As ways to counter these narratives, I created a small project called Humanise Refugees, intending not to humanise refugees, as they’re already humans, but rather to offer humanising narratives, and promote stories in which we celebrate the resilience, potential and talents within refugee communities. Humanise Refugees’ ethos recognises the intrinsic worth and sacredness of refugees’ lives.
One of the project’s activities includes the screening of the filmic meditation, My Land Lives in Me, directed by Alan Gilsenan and produced by Yellow Asylum Productions in association with the Tony Ryan Trust. The film takes the viewer from the edge of displacement in the Amazon basin to the alleys of refugee camps in Lebanon and Palestine, and to the heart of how we care for others and our quest to find home in a changing world. Through the screening of My Land Lives in Me and online gatherings, we encourage people to witness the living realities of the other, of displaced communities, reflect upon inner and outer responses, and act from a place of care and compassion.
In some of these sessions, participants share the film and stories move them, but at the same time feel a sense of sadness, hopelessness and grief because the wheel of human suffering and humanitarian crises seem endless and unbreakable. Instead of relating to crises and acting, they end up turning away. Since I’ve done the same, I understand how they feel. These feelings can be suffocating as well, as they take the air away from us, placing us in a cycle of anger, frustration, sadness and hopelessness. Many ask where I find hope to engage in humanitarian and social projects, and what is the point in acting when people in power continue to prioritise economic and political interests in detriment of human (and non-human) lives and, therefore, nothing changes.
I understand there might be an inclination to feel uncomfortable, discouraged and hopeless when we sit to watch the news or documentaries which portray famine, social and ecological injustices, war refugees, and human rights violations. It is like fighting a losing battle, no matter what we do, the issue grows beyond our capacity to respond. It feels like confronting an unseen sticky monster who sucks our life energy and leaves us burnt-out.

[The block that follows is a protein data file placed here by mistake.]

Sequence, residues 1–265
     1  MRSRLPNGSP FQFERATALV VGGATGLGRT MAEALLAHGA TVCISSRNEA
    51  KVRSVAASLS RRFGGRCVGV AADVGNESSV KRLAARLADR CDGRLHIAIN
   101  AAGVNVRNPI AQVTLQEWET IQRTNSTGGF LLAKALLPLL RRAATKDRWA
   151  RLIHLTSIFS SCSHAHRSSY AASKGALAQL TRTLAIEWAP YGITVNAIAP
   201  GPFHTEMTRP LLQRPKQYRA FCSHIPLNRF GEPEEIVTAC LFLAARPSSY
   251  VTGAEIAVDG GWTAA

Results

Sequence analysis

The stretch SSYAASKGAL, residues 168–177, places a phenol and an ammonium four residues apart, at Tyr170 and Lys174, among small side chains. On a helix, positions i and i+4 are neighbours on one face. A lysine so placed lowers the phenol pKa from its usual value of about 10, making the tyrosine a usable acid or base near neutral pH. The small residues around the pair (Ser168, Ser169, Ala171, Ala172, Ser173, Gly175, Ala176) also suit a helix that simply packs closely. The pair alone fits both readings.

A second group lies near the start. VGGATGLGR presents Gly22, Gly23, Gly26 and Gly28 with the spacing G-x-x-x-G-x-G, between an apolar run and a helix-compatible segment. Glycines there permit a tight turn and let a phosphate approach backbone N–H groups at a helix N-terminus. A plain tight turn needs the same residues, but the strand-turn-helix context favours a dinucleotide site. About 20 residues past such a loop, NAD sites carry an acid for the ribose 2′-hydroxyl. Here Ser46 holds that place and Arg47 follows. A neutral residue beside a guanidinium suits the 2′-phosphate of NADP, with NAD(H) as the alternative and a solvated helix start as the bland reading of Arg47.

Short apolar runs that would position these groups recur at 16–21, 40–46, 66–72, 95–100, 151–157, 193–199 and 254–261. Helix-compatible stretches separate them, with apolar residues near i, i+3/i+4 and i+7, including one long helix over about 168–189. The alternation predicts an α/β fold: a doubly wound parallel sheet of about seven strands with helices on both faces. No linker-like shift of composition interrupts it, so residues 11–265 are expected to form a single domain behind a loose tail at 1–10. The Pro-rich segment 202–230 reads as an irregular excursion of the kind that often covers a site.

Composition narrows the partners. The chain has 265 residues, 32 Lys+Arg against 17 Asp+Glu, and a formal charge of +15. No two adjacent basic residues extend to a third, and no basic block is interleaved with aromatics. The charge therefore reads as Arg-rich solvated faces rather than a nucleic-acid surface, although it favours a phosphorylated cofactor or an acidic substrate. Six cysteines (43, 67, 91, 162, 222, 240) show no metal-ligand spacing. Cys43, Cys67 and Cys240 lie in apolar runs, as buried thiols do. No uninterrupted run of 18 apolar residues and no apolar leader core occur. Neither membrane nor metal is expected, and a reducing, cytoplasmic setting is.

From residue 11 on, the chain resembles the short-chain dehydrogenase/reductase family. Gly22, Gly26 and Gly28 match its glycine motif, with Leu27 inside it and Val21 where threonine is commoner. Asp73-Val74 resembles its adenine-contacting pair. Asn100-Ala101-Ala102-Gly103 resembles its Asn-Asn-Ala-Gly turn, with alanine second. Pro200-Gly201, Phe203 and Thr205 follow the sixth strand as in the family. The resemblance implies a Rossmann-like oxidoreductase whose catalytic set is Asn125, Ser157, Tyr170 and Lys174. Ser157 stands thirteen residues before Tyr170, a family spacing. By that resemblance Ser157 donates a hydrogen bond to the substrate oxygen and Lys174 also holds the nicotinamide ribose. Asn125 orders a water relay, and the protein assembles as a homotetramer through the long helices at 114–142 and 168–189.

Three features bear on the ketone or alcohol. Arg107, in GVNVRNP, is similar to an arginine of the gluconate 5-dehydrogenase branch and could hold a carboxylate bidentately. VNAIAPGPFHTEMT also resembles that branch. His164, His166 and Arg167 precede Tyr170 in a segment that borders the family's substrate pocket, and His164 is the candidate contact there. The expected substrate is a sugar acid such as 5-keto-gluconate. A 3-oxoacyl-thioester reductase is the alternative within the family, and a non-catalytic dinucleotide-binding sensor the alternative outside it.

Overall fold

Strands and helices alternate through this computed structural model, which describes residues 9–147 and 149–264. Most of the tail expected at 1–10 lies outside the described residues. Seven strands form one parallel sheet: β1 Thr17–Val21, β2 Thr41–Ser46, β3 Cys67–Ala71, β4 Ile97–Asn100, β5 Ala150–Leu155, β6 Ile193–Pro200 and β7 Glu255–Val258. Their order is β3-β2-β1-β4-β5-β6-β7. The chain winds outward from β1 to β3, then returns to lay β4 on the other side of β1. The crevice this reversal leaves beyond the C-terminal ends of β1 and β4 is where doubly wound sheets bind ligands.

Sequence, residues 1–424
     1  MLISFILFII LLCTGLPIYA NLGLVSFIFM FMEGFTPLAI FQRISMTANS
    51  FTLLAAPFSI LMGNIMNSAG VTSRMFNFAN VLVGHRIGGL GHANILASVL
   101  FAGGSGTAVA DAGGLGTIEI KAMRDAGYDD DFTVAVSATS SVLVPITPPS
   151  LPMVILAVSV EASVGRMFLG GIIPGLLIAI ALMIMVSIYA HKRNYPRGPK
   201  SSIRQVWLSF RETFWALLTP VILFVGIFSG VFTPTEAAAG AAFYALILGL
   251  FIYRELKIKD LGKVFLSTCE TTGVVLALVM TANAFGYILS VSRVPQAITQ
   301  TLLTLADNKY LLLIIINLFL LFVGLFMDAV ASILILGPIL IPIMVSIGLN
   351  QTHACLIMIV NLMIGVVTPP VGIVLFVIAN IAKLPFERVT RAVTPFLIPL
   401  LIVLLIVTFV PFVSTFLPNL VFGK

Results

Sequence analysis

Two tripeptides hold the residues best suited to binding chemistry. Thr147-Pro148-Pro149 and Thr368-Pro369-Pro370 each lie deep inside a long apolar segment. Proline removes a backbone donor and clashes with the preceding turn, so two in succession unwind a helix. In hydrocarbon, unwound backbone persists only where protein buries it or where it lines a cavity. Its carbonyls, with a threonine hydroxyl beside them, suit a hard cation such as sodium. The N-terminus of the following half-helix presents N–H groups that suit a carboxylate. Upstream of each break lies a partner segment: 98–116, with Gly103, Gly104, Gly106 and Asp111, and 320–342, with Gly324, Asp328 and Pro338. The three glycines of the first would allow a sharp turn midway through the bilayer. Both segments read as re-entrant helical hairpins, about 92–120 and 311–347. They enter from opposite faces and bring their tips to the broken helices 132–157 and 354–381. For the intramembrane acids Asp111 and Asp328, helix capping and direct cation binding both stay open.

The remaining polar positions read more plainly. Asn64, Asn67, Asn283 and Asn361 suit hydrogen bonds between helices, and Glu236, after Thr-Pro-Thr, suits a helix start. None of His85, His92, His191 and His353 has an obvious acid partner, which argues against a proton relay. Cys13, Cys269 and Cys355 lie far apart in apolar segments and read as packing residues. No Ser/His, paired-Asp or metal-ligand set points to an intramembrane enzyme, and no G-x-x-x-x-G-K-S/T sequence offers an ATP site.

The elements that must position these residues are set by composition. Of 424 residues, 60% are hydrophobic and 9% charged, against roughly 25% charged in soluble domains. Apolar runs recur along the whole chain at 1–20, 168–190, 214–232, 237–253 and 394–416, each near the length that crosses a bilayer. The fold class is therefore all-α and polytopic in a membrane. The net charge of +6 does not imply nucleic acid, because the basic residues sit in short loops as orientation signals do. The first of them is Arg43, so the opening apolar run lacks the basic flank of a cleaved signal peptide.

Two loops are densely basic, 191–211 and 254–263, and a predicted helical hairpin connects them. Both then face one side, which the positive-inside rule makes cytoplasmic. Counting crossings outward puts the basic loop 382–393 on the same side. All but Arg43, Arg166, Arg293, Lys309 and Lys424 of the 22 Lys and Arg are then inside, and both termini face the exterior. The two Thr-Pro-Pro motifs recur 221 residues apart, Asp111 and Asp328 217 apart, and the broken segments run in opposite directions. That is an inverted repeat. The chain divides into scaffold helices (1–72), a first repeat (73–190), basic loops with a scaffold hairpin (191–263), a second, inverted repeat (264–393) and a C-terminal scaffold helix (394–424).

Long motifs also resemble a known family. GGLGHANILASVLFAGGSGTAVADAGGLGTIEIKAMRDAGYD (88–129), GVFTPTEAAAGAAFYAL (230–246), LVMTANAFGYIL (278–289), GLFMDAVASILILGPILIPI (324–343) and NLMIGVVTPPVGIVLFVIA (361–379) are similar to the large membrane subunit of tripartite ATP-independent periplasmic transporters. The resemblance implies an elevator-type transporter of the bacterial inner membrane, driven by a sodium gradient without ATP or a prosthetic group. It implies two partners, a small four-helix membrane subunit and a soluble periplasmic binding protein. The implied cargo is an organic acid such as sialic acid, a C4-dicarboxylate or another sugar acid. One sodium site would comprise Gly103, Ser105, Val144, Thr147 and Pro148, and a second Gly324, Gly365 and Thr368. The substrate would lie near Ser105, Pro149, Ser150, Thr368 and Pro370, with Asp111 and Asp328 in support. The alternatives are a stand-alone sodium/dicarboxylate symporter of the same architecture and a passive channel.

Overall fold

On the other hand, in my experience, hope is born in the heart and not in outer events. Yes, many stories spark hope or hopelessness in us, but the fuel to sustain hope must come from within. Mysterious alchemy takes place when we hold a space in the heart for witnessing and allow ourselves to grieve for humanity and the state of our world; when we connect with simple human values, such as care and love for others and the planet. Then, it’s not about changing the world in our terms; it’s about trust, surrender and sowing seeds regardless of results.
There’s an ancient Greek proverb which reflects this lesson, “A society grows great when old men plant trees whose shade they know they shall never sit in.” The Native American nation’s Seventh Generation Principle echoes this same wisdom. The philosophy says, “Look and listen for the welfare of the whole people and have always in view not only the present but also the coming generations, even those whose faces are yet beneath the surface of the ground – the unborn of the future Nation.”
Cultivating hope in suffocating times goes beyond passive wishful thinking. Cultivating hope is a mature and humble practice that elevates our vision of the world to consider the welfare of the whole people and include future generations. In sowing now, we’re planting the seeds of a future we might never be able to witness, taste and enjoy. It’s a practice of offering our service to the whole, to the unknown, to the unborn children of the Earth.
And how do we integrate this wisdom and practice in our work? I have learned that when I feel suffocated, it’s time to pause and inhale deeper, to witness my inner responses as I watch and interact with the suffering in and around me. In as much as we must challenge and disrupt narratives that produce and sustain humanitarian crises, hostile responses, social injustices and suffocating atmospheres, we must also create space for inner alchemy and infuse our actions and attitudes with care and love. I have come to recognise the power of kneeling to the inner voice whispering in my ears – keep sowing seeds of care and love, regardless of anything.